Goucher College Project to Study Slavery Ties to Land it Occupies
The Hallowed Ground Project apart from studying the history would also remove the racist language written in the college’s original land deed and refile it with the State of Maryland.
The project will provide students and faculty members with historical and archaeological research opportunities and collaborative learning, so as to better understand what happened on campus during its early days.
“Social justice is a pillar of the Goucher community,” President Kent Devereaux said.
“The symbolic, public step of amending our original land deed will live in the historical record and reflect our community’s values. However, we didn’t want our commitment to stop there. We see it as an institutional priority to better understand and recognize the history of slavery on the 287 acres the college now resides upon.”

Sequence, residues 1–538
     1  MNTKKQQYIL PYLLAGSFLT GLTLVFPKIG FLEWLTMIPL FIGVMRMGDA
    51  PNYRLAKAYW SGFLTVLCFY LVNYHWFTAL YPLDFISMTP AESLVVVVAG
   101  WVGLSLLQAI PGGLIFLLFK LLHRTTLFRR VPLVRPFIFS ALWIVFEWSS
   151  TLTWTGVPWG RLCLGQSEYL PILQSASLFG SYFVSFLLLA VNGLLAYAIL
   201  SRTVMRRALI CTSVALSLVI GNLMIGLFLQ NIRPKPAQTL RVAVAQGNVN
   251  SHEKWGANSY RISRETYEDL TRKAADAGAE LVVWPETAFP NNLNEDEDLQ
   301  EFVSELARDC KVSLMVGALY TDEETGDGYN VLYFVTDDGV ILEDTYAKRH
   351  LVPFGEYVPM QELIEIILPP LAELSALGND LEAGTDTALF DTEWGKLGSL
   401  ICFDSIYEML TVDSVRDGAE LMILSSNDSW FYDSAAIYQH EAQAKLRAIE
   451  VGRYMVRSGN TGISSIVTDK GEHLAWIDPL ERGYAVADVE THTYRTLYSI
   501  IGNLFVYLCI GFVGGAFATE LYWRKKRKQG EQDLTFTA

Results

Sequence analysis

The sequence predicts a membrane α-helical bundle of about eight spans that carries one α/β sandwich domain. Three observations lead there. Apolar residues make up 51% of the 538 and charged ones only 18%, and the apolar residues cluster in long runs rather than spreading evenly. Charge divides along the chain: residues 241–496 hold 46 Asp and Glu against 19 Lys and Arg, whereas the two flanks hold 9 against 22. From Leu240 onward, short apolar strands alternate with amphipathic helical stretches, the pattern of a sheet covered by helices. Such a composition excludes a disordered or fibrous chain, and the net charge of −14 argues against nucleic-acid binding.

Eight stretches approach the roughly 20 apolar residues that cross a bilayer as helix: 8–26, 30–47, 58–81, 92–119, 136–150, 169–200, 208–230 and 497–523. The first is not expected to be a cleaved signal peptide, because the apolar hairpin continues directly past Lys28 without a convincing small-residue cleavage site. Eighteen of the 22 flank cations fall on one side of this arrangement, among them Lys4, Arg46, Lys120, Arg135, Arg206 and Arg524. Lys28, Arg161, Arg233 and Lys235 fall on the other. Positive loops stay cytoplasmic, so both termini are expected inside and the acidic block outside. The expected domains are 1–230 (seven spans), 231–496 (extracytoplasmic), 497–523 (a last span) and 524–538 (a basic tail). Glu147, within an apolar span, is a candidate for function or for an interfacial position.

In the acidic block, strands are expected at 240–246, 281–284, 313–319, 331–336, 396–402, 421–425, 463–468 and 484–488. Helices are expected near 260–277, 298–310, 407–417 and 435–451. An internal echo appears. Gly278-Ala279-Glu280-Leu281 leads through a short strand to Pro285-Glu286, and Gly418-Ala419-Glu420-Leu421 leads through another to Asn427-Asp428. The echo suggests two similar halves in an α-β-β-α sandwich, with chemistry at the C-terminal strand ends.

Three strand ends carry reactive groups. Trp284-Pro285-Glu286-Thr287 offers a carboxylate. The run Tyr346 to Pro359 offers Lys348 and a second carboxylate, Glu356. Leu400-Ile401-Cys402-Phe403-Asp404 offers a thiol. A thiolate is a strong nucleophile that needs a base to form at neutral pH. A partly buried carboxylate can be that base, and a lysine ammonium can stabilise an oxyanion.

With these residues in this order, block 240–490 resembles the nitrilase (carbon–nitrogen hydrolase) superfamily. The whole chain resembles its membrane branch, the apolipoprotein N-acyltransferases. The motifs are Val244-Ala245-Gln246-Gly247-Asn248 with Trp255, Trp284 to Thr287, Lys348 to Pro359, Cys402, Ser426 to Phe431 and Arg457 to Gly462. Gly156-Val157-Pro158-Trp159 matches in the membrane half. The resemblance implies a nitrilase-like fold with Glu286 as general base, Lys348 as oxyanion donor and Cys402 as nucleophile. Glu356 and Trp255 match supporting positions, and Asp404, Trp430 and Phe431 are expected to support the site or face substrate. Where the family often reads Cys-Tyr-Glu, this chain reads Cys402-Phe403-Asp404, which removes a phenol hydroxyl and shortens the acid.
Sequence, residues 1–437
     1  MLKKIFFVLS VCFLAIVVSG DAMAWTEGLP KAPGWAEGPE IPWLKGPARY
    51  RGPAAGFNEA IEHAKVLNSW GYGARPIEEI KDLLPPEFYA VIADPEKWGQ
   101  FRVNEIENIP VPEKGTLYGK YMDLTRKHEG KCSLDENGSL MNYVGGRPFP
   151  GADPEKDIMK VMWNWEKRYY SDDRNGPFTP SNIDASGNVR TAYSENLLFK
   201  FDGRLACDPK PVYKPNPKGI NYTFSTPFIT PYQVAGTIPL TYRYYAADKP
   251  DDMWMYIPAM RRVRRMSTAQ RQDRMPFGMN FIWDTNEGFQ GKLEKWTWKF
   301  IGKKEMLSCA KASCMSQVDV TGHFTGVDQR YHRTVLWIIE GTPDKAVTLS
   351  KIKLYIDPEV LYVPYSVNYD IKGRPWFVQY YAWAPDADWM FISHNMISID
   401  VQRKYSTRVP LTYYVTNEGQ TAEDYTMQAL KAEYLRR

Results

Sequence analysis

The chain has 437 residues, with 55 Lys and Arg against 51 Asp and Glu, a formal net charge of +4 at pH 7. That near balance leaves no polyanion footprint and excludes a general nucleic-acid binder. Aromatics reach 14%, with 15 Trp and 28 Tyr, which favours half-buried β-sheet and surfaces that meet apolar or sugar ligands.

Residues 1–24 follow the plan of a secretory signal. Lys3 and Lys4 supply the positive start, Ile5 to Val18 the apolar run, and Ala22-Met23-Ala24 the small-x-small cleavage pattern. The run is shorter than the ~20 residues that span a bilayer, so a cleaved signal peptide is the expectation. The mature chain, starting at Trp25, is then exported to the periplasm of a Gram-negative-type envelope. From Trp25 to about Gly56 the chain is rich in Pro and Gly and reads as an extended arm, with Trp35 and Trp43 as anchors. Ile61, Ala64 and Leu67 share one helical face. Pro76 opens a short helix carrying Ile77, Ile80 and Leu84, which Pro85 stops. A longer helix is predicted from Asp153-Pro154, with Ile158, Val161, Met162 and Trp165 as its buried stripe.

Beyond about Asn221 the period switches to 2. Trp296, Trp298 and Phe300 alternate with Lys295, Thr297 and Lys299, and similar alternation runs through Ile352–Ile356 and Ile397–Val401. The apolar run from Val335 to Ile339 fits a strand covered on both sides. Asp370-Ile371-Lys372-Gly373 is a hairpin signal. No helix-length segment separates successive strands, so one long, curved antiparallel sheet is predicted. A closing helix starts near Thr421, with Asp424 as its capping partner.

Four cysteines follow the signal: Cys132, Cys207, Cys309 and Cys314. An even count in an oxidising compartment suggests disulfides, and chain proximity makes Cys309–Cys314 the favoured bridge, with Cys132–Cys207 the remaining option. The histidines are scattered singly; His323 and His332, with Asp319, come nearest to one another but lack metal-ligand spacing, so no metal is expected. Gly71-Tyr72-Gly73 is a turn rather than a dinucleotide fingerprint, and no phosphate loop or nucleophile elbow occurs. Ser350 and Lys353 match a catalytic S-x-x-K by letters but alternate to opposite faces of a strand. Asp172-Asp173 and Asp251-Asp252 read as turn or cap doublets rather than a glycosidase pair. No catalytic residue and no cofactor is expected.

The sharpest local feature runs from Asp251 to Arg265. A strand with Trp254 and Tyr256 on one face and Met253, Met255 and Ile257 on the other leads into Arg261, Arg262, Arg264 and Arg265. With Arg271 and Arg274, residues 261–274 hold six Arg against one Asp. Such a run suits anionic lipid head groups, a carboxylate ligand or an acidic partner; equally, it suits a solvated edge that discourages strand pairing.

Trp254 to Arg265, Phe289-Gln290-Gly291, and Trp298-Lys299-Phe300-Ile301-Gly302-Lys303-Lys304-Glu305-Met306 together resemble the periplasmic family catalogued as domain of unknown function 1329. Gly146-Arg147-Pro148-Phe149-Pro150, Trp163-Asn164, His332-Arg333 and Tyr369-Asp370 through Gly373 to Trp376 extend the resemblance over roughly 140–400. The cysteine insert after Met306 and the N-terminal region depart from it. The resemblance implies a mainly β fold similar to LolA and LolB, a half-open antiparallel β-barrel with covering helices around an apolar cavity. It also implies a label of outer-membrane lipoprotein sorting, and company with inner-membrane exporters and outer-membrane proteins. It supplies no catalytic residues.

The college has also joined the Universities Studying Slavery (USS) consortium and plans to establish a permanent memorial to honor the enslaved men, women, and children who once labored on the land.
In August, the University of Georgia announced an initative to explore the early links of slavery with the institution from its founding in 1785 through the end of the Civil War in 1865
Georgetown University students have also proposed creating a fund to benefit the descendants of 272 slaves who were sold in 1838 to pay off the university’s debts.